They carry colorful names such as Ruby, Perl, and Python, but they neither gleam nor bite. These computer programming languages are often cited as the next need-to-know thing. But where are they really being taught to the next generation? Is code the most important thing we are not teaching our kids?
Until recently, I perceived the language of computer programming as the modern equivalent to hieroglyphics. A row of indecipherable signs, but no clue where to put the sphinx, or in this case, the parenthesis.
Lately I’ve noticed code coming into the conversation around education, though, and I wonder, will the next generation know PHP, HTML5, Java, and other code languages the way I know my ABCs?
To find out, I started researching how code is being taught to K-12 aged kids. What popped out was a variety of summer school programs, online courses, and articles proclaiming code as an essential.
But at least in the San Francisco Bay Area, the one place it seems to be missing is in the public school curriculum. Is code the most important thing we are not teaching our kids?
Where kids can learn code
Sites such as Help Kids Code (a magazine for coding), Code.org, and iD Tech, which features courses offered by Stanford University and UC Berkeley, promise that knowing code will not only open doors to jobs and riches, but also give youth a new form of expression, endless creativity, and logical thinking skills.
Mountain View-based Tynker, a playful site for children featuring basic visual drag-and-drop games, uses LEGO-like code blocks to teach programming without having to know the syntax. Tynker claims to “empower the next generation of innovators.”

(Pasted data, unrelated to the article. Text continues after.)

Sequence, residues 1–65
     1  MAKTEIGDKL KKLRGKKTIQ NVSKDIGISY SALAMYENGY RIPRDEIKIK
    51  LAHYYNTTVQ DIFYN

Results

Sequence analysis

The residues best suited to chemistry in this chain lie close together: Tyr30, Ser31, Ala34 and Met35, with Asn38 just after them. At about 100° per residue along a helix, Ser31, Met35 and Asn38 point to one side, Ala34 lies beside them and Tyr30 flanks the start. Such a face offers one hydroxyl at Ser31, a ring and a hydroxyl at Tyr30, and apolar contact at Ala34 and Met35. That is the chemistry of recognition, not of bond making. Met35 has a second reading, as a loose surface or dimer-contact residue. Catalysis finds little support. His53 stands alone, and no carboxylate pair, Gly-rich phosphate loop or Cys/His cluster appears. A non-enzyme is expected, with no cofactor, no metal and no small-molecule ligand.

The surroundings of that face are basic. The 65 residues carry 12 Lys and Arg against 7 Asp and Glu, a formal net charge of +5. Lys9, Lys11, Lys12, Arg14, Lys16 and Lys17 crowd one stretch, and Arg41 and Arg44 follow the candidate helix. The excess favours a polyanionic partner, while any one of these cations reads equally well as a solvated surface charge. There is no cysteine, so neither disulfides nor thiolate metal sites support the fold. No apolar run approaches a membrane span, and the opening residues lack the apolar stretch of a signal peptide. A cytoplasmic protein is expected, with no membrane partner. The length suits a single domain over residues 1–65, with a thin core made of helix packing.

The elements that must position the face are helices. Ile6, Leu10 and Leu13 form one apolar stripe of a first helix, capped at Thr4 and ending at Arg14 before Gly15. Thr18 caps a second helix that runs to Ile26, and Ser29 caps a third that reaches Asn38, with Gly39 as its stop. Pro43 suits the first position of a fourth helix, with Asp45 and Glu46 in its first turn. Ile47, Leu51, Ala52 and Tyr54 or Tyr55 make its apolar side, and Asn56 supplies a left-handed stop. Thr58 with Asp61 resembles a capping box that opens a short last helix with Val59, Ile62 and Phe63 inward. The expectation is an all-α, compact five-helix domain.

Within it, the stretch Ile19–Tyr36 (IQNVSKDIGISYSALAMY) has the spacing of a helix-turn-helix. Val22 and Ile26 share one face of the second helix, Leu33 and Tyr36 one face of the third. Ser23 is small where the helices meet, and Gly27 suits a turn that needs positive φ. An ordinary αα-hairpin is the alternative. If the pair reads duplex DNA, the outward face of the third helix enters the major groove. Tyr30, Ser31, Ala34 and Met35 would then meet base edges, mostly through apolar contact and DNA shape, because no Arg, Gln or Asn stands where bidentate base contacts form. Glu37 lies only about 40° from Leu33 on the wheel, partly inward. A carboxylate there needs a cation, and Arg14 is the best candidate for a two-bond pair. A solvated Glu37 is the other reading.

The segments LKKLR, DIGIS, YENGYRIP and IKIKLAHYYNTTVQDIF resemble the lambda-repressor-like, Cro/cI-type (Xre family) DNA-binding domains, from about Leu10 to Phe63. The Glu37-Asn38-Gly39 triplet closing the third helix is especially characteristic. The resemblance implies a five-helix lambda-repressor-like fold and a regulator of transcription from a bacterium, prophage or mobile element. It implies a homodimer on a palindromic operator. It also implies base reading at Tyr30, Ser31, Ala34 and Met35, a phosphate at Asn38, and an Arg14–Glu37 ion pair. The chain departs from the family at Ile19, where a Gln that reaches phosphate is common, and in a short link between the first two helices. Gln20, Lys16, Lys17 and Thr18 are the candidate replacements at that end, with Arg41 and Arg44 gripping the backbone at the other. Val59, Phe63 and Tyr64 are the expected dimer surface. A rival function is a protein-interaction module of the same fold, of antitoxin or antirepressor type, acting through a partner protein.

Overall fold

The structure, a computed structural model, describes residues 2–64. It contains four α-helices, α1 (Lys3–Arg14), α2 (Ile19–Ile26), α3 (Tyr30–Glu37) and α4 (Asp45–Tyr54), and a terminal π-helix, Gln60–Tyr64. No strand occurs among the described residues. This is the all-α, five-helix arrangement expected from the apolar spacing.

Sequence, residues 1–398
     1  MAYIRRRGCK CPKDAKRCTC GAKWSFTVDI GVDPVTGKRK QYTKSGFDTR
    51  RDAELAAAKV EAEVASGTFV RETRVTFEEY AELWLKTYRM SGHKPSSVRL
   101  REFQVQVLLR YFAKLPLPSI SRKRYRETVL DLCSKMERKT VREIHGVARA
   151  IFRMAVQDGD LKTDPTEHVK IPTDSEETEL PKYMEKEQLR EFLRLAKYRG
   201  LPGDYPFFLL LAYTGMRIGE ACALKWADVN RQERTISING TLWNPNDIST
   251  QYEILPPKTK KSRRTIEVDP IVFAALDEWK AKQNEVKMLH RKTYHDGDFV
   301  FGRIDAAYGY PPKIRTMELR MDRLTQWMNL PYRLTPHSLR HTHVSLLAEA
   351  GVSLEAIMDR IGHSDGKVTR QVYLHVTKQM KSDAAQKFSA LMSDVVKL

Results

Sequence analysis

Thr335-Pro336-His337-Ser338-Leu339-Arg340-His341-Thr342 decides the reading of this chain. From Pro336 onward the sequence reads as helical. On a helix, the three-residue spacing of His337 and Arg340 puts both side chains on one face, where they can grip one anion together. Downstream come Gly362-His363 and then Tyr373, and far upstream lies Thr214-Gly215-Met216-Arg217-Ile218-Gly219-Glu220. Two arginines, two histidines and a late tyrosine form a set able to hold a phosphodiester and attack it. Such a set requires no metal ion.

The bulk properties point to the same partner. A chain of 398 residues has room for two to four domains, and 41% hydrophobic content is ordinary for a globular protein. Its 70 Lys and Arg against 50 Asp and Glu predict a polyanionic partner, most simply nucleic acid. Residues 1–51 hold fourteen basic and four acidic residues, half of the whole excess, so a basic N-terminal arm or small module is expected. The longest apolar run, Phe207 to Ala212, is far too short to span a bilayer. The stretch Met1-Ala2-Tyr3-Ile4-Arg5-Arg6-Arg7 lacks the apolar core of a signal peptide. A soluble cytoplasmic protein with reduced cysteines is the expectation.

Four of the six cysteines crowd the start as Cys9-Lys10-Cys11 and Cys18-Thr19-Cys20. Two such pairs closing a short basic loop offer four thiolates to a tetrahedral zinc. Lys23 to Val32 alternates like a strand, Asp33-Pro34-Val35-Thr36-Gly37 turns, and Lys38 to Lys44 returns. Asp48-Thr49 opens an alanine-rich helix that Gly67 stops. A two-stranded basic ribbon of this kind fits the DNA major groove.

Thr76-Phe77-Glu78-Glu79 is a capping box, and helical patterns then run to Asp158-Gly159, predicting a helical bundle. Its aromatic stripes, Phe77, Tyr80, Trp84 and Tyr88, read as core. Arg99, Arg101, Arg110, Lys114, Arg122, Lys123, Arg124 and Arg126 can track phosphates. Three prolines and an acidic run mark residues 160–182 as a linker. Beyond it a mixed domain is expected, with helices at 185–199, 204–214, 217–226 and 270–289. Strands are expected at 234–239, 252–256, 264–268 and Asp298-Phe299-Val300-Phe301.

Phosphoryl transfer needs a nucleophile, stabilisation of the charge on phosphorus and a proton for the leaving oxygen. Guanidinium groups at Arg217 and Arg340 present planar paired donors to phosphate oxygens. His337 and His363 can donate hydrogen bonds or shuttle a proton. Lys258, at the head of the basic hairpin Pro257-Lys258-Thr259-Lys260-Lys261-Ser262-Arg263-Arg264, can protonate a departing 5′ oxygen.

Scratch is another tool for creating stories, games, and animations and sharing them with the online community. Scratch, which is available free of charge and targeted to children eight-years-old and up, is a project of the Lifelong Kindergarten group at the MIT Media Lab.
Most courses I found online appeal to children through playfulness and storytelling. For example, construct commands that drive an Angry Birds character to catch a pig: move forward, turn left, move forward, etc. The aim is to teach programming logic by training users to code basic elemental commands like repeat, loop, if-then, and gradually lead them toward more complex sequences.
In fact, the sheer variety and quantity of resources I found out there make it seem like every kid is a potential coder—and that’s true. But with a little more digging I soon realized that, while these resources are technically for everyone, they seem to speak loudest to tech-savvy Silicon Valley parents who already buy into the idea that coding should be a basic life skill.
And while some of these online tools are free, it kind of seems like the parents getting their kids access to coding curricula are the parents who can pay. Widespread public school adoption of programming as a subject alongside English and Math might take parents everywhere speaking up.